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Discover the investor you really are By N e a l K e l ly

Do you know the type of investor you really are? Don’t answer that question too fast because with a bit of careful thought you might find out that you’re not the investor you think you are. Perhaps you’ve always thought of yourself as a very careful and safe player in the investment markets. Over the years you’ve invested in a little bit of property, opted for blue-chip stocks and funds, find yourself partial to government and corporate bonds and always have a steady amount of cash in term deposit plans.

den downturn in the fortunes of a particular asset, sector or territory - especially important given the market turbulence of the last two years.

On the other hand you might see yourself as an ambitious risk taker who is willing to stick your neck out in order to reap potentially bigger rewards. Your investment portfolio has included a sizeable property allocation, a big slice of shares in emerging markets and growth industries and only small portions of bonds and cash.

Simply put, correlation is the relationship between the performance of the different assets in your investment portfolio. Highly correlated assets tend to perform similarly - their ups and downs are in tandem, while highly uncorrelated assets tend to perform differently - their ups and downs occur at different times. Harry Markovitz, the distinguished US economist, winner of the Nobel Prize for Economics in 1990 and author of Modern Portfolio Theory puts it this way: ‘It is not the number of things you put in your portfolio, it is the number of things that are different.’

Either way you probably consider yourself a savvy investor who has set up your portfolio to match your financial circumstances and ambitions. But look a little closer at the details of your investments and a very different picture might begin to emerge. At first glance your portfolio, and your equity hol ings in particular, may look like they are well set up to reflect your investing criteria. If you’re the ca tious type you may have money spread across a range of protected equity and blue chip funds, while if you’re more adventurous you might well have money in funds specialising in emerging markets or fast growing industry sectors such as technology and energy. You will, of course, have taken steps to ensure that your investments are sufficiently diversified to protect yourself from a sud-

But there is another crucial factor to consider when reviewing your investment portfolio and strategy: correlation.

So return again to your portfolio and look beyond simple diversity to examine how correlated your assets really are. You may find that over time some of the funds you have invested in have, despite their seeming disparity, experienced their performance peaks and troughs at roughly the same time. For instance, funds specialising in the BRIC (Brazil, Russia, India and China) emerging markets could be highly correlated with funds devoted to energy and commodity stocks because of the dependence of the Brazilian and Russian economies and markets on energy and commodities. If you’re heavily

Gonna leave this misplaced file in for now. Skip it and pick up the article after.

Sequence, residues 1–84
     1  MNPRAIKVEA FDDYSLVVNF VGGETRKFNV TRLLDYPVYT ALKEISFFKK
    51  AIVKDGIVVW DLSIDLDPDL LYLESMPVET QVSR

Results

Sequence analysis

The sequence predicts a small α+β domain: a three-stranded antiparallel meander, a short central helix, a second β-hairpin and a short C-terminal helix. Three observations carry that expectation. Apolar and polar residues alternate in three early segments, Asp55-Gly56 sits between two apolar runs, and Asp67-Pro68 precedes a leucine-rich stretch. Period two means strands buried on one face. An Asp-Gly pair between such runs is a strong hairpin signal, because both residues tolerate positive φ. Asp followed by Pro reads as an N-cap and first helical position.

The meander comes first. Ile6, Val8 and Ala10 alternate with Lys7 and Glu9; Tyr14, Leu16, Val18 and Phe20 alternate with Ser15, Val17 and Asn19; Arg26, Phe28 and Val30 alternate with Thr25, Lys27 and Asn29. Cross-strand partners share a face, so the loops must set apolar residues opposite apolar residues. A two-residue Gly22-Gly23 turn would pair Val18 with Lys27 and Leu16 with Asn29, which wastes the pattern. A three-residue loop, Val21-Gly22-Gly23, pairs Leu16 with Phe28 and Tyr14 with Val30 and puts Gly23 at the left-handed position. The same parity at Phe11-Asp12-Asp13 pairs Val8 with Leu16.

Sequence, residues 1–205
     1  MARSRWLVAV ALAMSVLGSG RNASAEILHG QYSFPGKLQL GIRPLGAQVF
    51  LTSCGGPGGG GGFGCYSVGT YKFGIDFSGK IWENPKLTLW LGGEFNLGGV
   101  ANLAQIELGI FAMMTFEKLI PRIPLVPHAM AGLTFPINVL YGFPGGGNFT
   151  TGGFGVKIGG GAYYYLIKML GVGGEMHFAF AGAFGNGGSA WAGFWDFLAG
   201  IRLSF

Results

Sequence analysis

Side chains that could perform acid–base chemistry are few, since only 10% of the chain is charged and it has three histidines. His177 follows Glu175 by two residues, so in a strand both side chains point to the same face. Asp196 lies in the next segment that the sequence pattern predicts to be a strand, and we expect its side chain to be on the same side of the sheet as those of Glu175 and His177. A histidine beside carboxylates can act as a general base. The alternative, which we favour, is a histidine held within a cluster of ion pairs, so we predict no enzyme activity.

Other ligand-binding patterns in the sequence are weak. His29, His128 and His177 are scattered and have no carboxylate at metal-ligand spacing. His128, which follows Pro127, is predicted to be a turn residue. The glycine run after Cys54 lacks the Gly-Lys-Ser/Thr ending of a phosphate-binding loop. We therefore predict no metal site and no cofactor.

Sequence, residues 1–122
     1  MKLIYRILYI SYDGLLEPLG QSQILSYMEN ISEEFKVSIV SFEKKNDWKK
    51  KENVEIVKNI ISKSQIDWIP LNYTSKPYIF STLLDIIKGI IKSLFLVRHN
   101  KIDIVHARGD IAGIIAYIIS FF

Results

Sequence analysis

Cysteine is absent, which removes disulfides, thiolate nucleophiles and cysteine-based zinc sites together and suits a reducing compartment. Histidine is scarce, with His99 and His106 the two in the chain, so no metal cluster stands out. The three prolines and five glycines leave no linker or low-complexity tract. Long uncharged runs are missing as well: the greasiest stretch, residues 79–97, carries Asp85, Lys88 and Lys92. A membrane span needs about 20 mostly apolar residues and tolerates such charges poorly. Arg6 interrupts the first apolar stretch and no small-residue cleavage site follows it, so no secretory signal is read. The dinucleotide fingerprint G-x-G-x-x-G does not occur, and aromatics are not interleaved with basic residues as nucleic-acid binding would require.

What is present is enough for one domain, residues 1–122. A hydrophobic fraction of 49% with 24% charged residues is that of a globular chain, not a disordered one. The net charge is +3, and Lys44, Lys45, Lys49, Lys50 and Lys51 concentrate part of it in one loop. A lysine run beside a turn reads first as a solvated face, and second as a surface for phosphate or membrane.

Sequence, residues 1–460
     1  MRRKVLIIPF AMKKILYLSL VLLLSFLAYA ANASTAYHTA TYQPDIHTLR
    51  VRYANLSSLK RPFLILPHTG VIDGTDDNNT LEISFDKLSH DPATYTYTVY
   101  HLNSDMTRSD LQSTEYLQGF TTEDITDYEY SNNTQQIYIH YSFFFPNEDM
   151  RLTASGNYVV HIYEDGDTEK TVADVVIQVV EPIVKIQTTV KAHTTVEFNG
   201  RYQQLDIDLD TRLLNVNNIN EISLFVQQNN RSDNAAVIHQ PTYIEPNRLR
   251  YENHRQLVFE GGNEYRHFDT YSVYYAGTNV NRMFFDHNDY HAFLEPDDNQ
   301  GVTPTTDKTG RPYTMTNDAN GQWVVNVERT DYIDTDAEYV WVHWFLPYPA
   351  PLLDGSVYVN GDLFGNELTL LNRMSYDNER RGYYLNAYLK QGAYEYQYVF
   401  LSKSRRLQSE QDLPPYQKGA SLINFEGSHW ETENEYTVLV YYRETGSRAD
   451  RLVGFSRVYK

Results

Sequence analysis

exposed to both these type of funds you could find your portfolio under-performing if energy or commodities hit a rough patch. Equally, financial funds and property funds can be quite closely correlated given the interdependence between the two, so it pays to closely examine your exposure to these type of funds. Of course, you might look at things a different way and think that if your portfolio is heavily correlated then you’ll get more benefit when those funds are performing well. This is true but is obviously a very risky strategy to adopt as the downside can be very painful indeed. So now you can see how what might appear to be a cautious investment strategy can in truth be a risky one if funds that are relatively safe in themselves turn to be heavily correlated. Equally, a more ambitious investor might be spreading his money across a range of more

volatile yet uncorrelated investments and find that his approach turns out to be less risky than it appears. Solid portfolio returns are usually best achieved by successfully diversifying your investment across a range of assets and sectors and ensuring that they have their ups and downs at different times. This can be a tricky balance to achieve on your own so it’s best to turn to an experienced professional for advice. Your financial adviser will know a lot about diversification and correlation and will know which funds and investments will suit the type of investor you are and your financial goals. Their experience, expertise and qualified judgement will help you identify how correlated the funds in your portfolio really are, and whether your portfolio is suitably diversified to protect you from market turbulence. In the end, your financial adviser is the best person to help you discover the type of investor you really are.

About Neal Kelly is a Co-Founder and Director of Thomond Asset Management and can be contacted @ 82 O’Connell Street, Limerick | T +353 (0)61 462 024 | F +353 (0)61 312 055 | E Folk Asset Management Ltd t/a Thomond Asset Management is regulated by the Central Bank of Ireland.

Warnings: 1. The income you get from an investment may go down as well as up. 2. The value of your investment may go down as well as up. 3. Benefits may be affected by changes in currency exchange rates. 4. Past performance is not a reliable guide to future performance. This outlook does not constitute an offer and should not be taken as a recommendation from Thomond Asset Management. Advice should always be sought from an appropriately qualified professional

Discover the investor you really are by Neal Kelly  

Do you know the type of investor you really are? Don’t answer that question too fast because with a bit of careful thought you might find ou...

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